By George Markides
IN LESS THAN one and a half years after Bank of Cyprus seized deposits to recapitalise itself, it is seeking at least €1.0 billion to boost its Core Tier 1 capital at the behest of the Central Bank (CBC). The question in everyone’s mind is why?
First of all we need to define Core Tier 1 capital, it’s the buffer capital held by the bank to cover against risks arising from its assets, it is usually expressed as a percentage ratio (capital buffer divided by the bank’s total equity), and this ratio must not fall below 8.0 per cent.
To demonstrate: assume bank A with a total equity of €10 that has set aside €1.0 as a capital buffer (Core Tier 1 capital ratio 10 per cent).
Person B wants a €5.0 housing loan with guarantees and Person C wants a €4.0 consumer loan with no guarantees. The bank assesses the risk of the loans and assigns a risk weight to each loan.
For this exercise let’s assume that for the housing loan the risk weight is 10 per cent and for the consumer loan it is 15 per cent.
To determine how much capital the bank needs to have in place to cover for B and C’s risk we first multiply the risk weight 10 per cent by the asset €4.0 (Person B’s loan), and 15 per cent by €5.0 (for Person C’s loan).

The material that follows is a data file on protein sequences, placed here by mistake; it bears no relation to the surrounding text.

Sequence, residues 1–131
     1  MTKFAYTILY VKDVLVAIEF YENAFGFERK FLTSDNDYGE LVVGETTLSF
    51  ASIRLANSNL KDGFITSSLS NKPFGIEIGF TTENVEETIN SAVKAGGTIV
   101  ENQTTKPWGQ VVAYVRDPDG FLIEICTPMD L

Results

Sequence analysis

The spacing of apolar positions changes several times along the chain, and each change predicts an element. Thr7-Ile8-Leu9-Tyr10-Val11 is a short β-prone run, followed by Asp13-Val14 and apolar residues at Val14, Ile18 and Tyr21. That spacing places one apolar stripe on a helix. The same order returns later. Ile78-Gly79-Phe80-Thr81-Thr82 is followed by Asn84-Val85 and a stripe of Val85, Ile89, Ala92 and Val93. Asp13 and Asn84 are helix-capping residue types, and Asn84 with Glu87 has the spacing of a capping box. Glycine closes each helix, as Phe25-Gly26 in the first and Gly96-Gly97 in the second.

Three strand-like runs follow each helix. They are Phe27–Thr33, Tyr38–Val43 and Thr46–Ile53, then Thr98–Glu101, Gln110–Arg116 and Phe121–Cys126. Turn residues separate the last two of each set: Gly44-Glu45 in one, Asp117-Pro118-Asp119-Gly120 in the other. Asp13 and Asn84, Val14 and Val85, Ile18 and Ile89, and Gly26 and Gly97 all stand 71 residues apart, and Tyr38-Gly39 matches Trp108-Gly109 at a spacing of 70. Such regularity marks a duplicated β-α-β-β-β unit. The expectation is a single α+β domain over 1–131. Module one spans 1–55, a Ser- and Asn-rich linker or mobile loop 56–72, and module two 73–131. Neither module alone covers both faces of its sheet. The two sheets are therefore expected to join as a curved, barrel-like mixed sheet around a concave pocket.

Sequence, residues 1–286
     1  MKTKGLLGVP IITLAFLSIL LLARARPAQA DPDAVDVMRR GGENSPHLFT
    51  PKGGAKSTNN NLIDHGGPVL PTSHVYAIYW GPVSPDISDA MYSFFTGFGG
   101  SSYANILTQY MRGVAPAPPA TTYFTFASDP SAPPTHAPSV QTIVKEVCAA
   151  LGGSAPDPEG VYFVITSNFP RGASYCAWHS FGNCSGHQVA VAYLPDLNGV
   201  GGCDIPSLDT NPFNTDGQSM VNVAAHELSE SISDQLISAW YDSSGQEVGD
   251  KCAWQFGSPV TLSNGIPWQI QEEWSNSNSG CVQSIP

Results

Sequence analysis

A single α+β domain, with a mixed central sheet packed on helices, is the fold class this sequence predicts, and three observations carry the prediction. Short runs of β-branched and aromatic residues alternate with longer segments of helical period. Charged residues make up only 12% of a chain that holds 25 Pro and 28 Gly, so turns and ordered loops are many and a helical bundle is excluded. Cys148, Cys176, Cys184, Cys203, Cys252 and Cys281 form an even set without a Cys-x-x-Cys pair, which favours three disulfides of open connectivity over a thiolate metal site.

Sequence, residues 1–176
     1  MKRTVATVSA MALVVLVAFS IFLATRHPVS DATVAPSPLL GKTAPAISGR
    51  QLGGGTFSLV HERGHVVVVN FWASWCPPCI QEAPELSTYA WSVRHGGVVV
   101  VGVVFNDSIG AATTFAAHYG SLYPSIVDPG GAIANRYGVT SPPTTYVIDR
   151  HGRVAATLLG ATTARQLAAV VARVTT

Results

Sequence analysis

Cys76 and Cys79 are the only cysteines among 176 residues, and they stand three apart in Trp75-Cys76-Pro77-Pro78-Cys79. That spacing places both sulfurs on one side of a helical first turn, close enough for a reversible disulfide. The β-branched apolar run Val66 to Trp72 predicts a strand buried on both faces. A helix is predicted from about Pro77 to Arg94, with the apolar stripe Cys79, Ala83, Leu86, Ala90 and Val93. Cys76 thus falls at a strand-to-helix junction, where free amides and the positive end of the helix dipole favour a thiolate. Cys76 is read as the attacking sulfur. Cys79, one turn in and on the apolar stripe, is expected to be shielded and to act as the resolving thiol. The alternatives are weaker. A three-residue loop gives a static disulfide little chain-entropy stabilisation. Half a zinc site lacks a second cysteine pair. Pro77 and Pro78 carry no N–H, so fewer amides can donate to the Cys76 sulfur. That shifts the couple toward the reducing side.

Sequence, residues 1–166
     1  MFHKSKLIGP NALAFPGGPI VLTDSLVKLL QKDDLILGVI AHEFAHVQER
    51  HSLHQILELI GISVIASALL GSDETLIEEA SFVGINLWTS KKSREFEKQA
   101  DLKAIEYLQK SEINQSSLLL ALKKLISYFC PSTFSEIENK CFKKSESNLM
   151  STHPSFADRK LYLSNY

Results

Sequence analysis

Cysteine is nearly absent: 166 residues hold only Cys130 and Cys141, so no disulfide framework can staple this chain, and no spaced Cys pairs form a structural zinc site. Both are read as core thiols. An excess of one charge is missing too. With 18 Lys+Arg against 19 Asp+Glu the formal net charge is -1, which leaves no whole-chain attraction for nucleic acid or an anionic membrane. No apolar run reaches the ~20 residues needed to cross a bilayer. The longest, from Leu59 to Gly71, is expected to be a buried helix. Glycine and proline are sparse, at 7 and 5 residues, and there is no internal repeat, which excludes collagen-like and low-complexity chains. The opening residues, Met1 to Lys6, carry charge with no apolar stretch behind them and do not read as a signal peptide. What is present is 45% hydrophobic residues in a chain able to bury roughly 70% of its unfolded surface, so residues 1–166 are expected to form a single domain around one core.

For loan B the capital that must be set aside is €0.40 and for loan C it is €0.75 or €1.15 in total, but the bank has only €1.0 set aside. From a regulatory standpoint the bank still meets the 8.0 per cent minimum requirement; however risks may increase if the economic condition of either C or B deteriorates forcing the bank to beef up its capital buffers to 1.15 or above.
Back to Bank of Cyprus. The bank has a rather shaky loan portfolio close to 50 per cent of total loans are non performing meaning they are over 90 days in arrears and the bank is brutally exposed to the real estate sector.
There was much talk after John Hourican was appointed as CEO that he wanted to create a bad bank to handle risky non performing loans (NPLs).
A bad bank has the sole purpose of liquidating all of its assets and then ceases to exist, so far no bad bank has ever made a profit or broke even and BoC would need to sustain its Bad Bank operations with money.
However, a bad bank would have given the chance to BoC to offload its bad loans and improve its capital position.
From our example, if bank A offloads loan C onto a bad bank then automatically bank A’s capital position has greatly increased without the need for additional capital because, as we have mentioned, loan B is less risky, therefore better quality.
Additionally, the bank no longer needs to keep capital to protect against loan C therefore €1.0 capital buffer is more than enough to cover for loan B risks (calculated at €0.4).
The decision to create a bad bank was never adopted by the BoC’s current board of directors. There were rumours circulating in the press that some BoD members bowed to pressure from real estate developers.
This spring BoC commissioned HSBC “to help us look at our overall corporate finance agenda including the entire structure of how the group is organised,” as Hourican told Reuters.